Save the Children has been active in Azerbaijan since December 1993, arriving in response to the conflict between Armenia and Azerbaijan over the Nagorno-Karabagh region. Supporting children and families affected by the conflict by providing immediate relief and also the assistance needed to ensure access to long-term opportunities, Save the Children initially managed an $80 million USAID-funded emergency response umbrella grant program, Azerbaijan Humanitarian Assistance Program. From 1998 SC shifted focus to development programs and has been partnering with stakeholders and duty bearers on activities for vulnerable children, their families and communities to be safe, protected and better able to attain their rights.
SC is a pioneer of community-based development programming in Azerbaijan, starting in1998 with the USAID-funded Participatory Micro-Project Program ($1M) for basic community development and social infrastructure development and continuing to 2005 with the Central Area Community Development Program ($2.5M) and Central Area Integrated Community Development Program (ICDP/$5M) to build further community groups’ programming and management capacities and to directly support hundreds of communities in addressing priority issues/problems with micro-projects as well as access to services/support for small business development, essential health services, education and legal and agricultural information.
Save the Children expanded its community development programs with the British Petroleum (BP)-funded Community Investment Program (CIP I, II, III; 2003-2009) in partnership with the Baku-Tbilisi-Ceyhan Pipeline Consortium in 108 communities along the pipeline route. Complementing civil society development initiatives, a number of livelihoods/related initiatives, starting with a USAID-funded Community-based Lending and Savings Program (2000-2005) ensured access to credit and other financial services for poor micro-entrepreneurs, and laid the foundation for a sustainable micro-finance institution, AzeriStar.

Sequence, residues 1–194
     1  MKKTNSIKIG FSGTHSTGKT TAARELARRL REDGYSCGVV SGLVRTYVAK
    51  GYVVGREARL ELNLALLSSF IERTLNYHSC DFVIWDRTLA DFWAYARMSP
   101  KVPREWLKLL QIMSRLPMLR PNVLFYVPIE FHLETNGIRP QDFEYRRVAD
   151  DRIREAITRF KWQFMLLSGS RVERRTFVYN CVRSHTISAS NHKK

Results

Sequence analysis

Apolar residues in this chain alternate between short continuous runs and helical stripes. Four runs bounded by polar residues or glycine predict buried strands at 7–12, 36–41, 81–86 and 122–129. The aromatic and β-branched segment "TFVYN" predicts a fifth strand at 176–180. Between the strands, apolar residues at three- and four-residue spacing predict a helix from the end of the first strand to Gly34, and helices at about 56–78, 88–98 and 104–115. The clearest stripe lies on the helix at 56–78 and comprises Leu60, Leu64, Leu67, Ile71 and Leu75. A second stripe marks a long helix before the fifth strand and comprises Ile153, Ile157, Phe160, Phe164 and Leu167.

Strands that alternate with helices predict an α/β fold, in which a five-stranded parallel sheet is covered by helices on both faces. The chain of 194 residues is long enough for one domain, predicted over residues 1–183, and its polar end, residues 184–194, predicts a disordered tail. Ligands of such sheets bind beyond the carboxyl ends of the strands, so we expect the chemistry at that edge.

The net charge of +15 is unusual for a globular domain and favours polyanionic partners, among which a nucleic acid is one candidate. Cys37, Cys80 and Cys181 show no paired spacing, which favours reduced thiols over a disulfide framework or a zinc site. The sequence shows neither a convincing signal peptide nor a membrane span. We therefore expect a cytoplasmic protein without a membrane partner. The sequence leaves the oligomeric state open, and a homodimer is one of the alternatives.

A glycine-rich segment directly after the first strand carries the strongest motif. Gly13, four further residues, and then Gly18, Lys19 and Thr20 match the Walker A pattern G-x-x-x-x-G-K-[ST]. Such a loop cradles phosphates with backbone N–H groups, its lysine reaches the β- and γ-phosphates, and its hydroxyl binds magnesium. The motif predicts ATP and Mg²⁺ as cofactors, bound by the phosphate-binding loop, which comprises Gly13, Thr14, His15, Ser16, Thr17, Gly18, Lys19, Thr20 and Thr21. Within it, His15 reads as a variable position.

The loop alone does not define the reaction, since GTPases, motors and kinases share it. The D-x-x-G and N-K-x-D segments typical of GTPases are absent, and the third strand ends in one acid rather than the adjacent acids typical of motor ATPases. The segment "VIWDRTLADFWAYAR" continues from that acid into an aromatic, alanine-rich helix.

In addition to participatory community development initiatives, a three-year $2.5M Family Planning and Reproductive Health Initiative (2003-2005) was the first health effort to improve reproductive health knowledge among married women and men, plus adolescents. Significantly, SC began supporting the Government in child welfare system reform in 2004 and since then has been a recognized leader on several levels to assure that especially vulnerable children and families have access to essential social services. In the USAID-funded Community-based Children’s Support Program (2004-2011; $4.3M) and complementary EU-funded Community-based Active Protection Service (2008-2010; €1.3M) SC and partner efforts helped build and strengthen networks for child protection with appropriate Government and NGO duty bearers, and promoted social integration and community care for vulnerable children and youth. Addressing an important issue in Azerbaijan, SC joined 10 other NGOs in the 2008-2009 Early Marriage Prevention Project, and provided technical assistance and capacity building support to nine local groups who educated youth, their parents and communities on the detriments of early marriage, and advocated nationally for legislative changes to protect girls and young women for healthy futures.
Creating Livelihoods for Adulthood Program (CLAP / 2009-2012) invested €644,187 of EU and partner match funding to increase livelihood opportunities for marginalized youth by strengthening the capacity and activity of civil society organizations. CLAP advocacy efforts influenced policy makers and contributed to the expansion of legal space for local civil society when the Parliament took up a number of the project’s specific recommendations for legislative change relative to NGO work in Azerbaijan. South Caucasus Regional Children’s Action for Participation (ReCAP) was implemented in 2011-2012 together with SC in Armenia and Georgia to support secondary school students and their teachers and other community members to know, and then in campaigning to promote and protect their rights locally, nationally and regionally. The project also includes a Child Rights Governance situation analysis in each country and produced a Child (Youth) Participation Manual based on the successes and lessons learned in ReCAP.